In 1962, Wilt Chamberlain played a legendary game for the Philadelphia Warriors, scoring 100 points in the team’s win over the New York Knicks — a record that has yet to be broken. He broke 5 other league records that night, including most free throws made, which is stunning, considering he was notably awful at shooting free throws.
Can you imagine what a night like that would take? Eagle-eye accuracy and fierce precision with every shot, flawless ball handling and footwork, stamina (and lots of it), perfect temperature in the room, laces tied up just right, a ba-jillion fouls in the 4th quarter, and the return of Jesus himself as a half time performance. You get the idea.
Too bad we can’t watch any of it. That was truly a once in a lifetime performance for Wilt and anyone that was able to see it that night.
Not a single piece of video footage from that night has been found; press didn’t attend the game and in fact the arena was only at half capacity. At a time when the NBA was not an official major league and struggled to compete against college basketball, games were not regularly televised or well attended. There isn’t much footage of the NBA that has escaped the early 1960s at all.
The only recording of the game on March 2nd was obtained out of self-interest by a college student. The game was broadcasted through WCAU, a local radio station out of Philadelphia. The student, who slept through most of the broadcast, was able to catch only the 4th quarter after rigging up his girlfriend’s tape recorder to a radiator in his bedroom.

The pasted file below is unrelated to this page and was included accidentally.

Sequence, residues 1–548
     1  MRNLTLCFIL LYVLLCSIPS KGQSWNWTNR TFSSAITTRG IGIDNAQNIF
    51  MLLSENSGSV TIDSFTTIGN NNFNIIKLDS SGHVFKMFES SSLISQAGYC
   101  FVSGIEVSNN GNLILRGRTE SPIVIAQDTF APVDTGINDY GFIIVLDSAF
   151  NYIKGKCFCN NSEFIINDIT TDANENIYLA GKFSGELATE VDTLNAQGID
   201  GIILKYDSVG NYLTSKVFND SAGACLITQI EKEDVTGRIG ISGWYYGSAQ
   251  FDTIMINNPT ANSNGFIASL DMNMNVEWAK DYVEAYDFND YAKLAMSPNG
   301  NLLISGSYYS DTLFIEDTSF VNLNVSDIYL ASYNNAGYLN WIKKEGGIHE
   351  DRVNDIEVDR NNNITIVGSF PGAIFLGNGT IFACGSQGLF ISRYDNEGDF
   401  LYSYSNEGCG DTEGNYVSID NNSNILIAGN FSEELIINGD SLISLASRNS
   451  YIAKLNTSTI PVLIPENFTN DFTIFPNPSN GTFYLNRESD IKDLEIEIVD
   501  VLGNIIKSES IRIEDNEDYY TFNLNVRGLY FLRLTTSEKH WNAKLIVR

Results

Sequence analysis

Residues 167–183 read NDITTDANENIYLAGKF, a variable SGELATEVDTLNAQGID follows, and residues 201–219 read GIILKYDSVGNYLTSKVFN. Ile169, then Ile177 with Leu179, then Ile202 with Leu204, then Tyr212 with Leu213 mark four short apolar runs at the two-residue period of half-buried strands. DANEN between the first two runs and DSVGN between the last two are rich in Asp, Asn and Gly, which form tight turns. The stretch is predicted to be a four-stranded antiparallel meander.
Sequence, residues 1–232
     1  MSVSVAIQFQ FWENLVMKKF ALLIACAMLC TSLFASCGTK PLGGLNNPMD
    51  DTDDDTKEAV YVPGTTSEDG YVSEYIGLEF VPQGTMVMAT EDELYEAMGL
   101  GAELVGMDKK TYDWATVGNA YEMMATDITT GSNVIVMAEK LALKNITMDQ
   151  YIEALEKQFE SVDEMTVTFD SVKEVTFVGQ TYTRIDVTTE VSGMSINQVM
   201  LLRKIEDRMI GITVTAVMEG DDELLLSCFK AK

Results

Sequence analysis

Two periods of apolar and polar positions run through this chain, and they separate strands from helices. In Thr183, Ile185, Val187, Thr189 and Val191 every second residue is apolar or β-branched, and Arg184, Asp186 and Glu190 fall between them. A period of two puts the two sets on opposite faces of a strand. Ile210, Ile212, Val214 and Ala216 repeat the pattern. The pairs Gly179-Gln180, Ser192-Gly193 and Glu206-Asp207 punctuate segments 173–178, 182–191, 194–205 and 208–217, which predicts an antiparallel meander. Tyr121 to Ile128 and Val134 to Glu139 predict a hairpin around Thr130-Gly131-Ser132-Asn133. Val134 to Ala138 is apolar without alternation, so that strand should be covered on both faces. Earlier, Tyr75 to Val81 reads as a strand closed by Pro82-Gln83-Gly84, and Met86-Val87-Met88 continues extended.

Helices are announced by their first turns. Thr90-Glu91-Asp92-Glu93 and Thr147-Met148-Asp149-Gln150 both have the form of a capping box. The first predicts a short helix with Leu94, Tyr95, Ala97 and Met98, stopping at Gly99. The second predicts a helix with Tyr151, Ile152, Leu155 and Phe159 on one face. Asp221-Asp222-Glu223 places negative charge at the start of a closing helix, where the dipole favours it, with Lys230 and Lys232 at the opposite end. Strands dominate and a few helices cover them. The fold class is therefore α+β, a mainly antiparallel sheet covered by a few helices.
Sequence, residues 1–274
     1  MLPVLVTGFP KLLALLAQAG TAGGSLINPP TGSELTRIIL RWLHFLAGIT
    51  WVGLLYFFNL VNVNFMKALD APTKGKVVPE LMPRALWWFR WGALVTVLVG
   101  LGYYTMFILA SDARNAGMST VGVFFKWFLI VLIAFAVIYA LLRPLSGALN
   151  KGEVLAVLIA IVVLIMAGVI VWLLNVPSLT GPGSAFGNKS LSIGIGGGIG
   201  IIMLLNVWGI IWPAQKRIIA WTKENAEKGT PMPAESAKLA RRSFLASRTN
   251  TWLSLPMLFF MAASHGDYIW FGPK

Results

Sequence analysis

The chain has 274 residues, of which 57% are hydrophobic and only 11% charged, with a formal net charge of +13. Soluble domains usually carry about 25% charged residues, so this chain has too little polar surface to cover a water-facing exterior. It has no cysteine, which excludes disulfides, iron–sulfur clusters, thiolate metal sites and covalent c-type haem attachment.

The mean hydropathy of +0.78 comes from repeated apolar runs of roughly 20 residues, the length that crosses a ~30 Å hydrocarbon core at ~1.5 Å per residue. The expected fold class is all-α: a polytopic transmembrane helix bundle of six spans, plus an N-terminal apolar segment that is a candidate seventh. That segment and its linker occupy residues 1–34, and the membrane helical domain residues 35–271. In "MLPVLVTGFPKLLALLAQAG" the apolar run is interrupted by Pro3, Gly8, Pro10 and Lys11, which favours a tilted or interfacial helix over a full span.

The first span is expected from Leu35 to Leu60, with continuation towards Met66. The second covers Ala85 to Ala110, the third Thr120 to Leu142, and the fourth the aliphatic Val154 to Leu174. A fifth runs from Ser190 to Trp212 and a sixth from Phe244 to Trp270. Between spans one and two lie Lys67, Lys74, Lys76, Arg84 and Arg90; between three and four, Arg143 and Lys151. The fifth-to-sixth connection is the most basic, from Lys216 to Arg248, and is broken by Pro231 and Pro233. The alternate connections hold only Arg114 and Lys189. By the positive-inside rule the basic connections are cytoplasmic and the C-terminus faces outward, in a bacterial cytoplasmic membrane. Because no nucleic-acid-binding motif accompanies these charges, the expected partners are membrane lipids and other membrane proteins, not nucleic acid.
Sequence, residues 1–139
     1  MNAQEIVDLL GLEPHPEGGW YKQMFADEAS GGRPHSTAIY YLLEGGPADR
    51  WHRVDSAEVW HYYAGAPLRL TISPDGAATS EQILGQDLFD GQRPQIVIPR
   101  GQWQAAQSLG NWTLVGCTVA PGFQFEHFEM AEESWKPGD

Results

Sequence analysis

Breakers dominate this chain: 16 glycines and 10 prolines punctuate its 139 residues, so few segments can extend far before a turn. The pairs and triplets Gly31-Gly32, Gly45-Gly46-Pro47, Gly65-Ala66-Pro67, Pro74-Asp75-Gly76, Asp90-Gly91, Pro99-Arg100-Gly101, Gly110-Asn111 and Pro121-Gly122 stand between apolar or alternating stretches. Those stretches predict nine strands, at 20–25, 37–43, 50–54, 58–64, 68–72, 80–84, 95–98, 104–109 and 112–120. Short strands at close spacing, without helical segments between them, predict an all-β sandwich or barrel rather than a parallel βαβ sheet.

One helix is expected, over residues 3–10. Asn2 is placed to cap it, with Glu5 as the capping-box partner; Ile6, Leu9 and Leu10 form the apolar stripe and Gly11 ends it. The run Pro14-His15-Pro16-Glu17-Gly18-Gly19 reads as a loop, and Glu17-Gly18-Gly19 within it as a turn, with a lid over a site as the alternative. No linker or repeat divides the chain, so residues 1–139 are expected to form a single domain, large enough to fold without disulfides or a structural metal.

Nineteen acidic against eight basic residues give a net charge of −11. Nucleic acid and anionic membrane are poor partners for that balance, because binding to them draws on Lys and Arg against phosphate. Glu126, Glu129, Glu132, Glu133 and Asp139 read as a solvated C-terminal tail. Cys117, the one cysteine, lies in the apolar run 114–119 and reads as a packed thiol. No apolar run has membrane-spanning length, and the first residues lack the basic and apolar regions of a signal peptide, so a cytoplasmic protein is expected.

And what’s more — this month, that very tape is being added to the Library of Congress in the National Recording Registry as one of the most significant recordings in oral history.
While it’s painful to know that this historic night in basketball will soon no longer exist in living memory and that there is no way to replay all of the plays that accounted for 316 total points between the two teams, we salute this young hero for giving us something to put in our time capsules as an immortal testament to Chamberlain’s greatness.